State Rep. Matt Shaheen of Plano has been one of the leading voices calling for the abolition of state spending and programs designed to help bring film and TV productions to Texas. Earlier this week, Shaheen used the growing sexual abuse scandal involving Hollywood producer Harvey Weinstein to widen the scope of his target.
Shaheen released a statement on his Facebook page Monday announcing his intention to file legislation in the next session that would dismantle the Texas Film Commission in light of the growing number of sexual harassment and assault allegations levied against the Miramax Films co-founder.
Shaheen cites "allegations of rampant sexual abuse by Hollywood producer Harvey Weinstein and others in the motion picture and TV industry."
"This program takes the hard-earned tax dollars of fellow Texans and gives it to the movie and TV industry in return for media productions to be made in Texas," Shaheen says in the statement. "I have always believed that this is an inappropriate use of taxpayer dollars, and given the apparent culture of sexual exploitation of women in Hollywood, it is now even more clear that we should not be wasting taxpayer money on this industry."
In the statement's concluding paragraph, Shaheen also warned fellow state legislators that they should be wary of courting the opinion of "Hollywood elites."
"In the future, when the Texas Legislature debates topics important to Texas and these same Hollywood elites feel compelled to offer their opinion, we should be mindful that we are hearing from some of the same people that have demonstrated a total disregard for the safety and wellbeing of women," Shaheen says.
Shaheen has been one of the Texas House's leading critics of the program. He was one of three state legislators to file legislation in the last session to abolish "the Music, Film, Television, and Multimedia Office in the office of the governor" and the incentive program, but the bill was withdrawn from the schedule.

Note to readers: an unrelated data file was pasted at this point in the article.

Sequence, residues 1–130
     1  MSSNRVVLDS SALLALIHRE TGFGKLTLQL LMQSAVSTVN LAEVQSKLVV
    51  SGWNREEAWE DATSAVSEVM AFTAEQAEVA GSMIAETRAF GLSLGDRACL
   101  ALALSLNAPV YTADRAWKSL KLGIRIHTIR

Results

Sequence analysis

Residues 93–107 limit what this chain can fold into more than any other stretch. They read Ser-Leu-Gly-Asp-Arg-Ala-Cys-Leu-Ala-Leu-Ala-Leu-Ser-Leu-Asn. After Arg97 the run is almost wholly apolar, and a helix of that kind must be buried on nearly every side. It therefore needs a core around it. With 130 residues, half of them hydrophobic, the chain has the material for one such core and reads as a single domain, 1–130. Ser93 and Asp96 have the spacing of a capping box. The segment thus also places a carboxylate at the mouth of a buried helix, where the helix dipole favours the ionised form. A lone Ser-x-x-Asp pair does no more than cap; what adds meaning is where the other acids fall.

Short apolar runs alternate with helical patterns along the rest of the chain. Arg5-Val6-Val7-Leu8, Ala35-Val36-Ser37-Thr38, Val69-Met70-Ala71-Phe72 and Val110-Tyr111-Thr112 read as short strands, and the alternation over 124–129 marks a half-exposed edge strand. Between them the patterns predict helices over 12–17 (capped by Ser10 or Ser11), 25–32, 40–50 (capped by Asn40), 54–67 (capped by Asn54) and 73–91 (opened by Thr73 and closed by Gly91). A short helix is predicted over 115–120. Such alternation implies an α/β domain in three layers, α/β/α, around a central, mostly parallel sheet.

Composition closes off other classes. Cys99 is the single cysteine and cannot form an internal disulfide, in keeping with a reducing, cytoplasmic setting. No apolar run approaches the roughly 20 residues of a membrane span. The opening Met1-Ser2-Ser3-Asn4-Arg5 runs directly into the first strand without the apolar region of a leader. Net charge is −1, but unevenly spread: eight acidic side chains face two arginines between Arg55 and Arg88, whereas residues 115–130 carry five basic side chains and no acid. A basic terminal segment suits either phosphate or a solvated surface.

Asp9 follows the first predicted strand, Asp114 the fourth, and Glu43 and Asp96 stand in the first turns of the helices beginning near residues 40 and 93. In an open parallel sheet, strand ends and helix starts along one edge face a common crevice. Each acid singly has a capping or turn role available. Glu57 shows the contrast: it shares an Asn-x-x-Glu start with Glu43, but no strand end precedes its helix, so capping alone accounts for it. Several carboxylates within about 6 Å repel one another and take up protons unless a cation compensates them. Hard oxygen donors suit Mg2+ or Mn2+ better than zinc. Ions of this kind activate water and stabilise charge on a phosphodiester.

Instead, the Texas House passed a similar measure that would redirect funding to the Healthy Texas Women marketing program. Gov. Greg Abbott called for the Senate to restore the incentive program's funding, and the Senate reappropriated the funds for the program to $22 million, an amount significantly lower than the $72 million Abbott listed in his original budget proposal.
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Janis Burklund, the director of the Dallas Film Commission, says by email that the "Hollywood" industry that Shaheen refers to in his statement isn't just limited to Hollywood's geographic borders. She cites the importance of programs overseen by the Texas Film Commission, like the Texas Moving Image Industry Incentive Program, that promise lucrative tax rebates to attract film and TV studios to set up productions here. Crews spend money at local businesses and hire Texas residents to work on film and TV productions.
"It’s important to remember that the Texas Moving Image Industry Incentive Program is designed specifically to create jobs for Texans in Texas," Burklund says. "A large crew and talent base resides in Dallas, and they rely on the jobs the program helps to create in order to make their livings, raise their families and pay their taxes. The industry is no longer simply from 'Hollywood.' Companies are based locally as well. Cities, states and countries around the globe recognize that the jobs and economic benefits are spread widely across a community, and this is why so many have film commission offices and incentive programs."
Burklund adds that the Weinstein scandal is about more than the sexual harassment of women in the film and television industries. Sexual harassment in the workplace is an issue for women across all industries. On social media this week, thousands of women shared personal stories of how they were harassed and abused, using the hashtag "#MeToo."
"Sexual harassment is unfortunately a widespread issue across the country and in most, if not all, industries," Burklund says. "The entertainment industry presents a uniquely different level of exposure, however, when allegations surface due to the fact these people are celebrities and widely recognized publicly."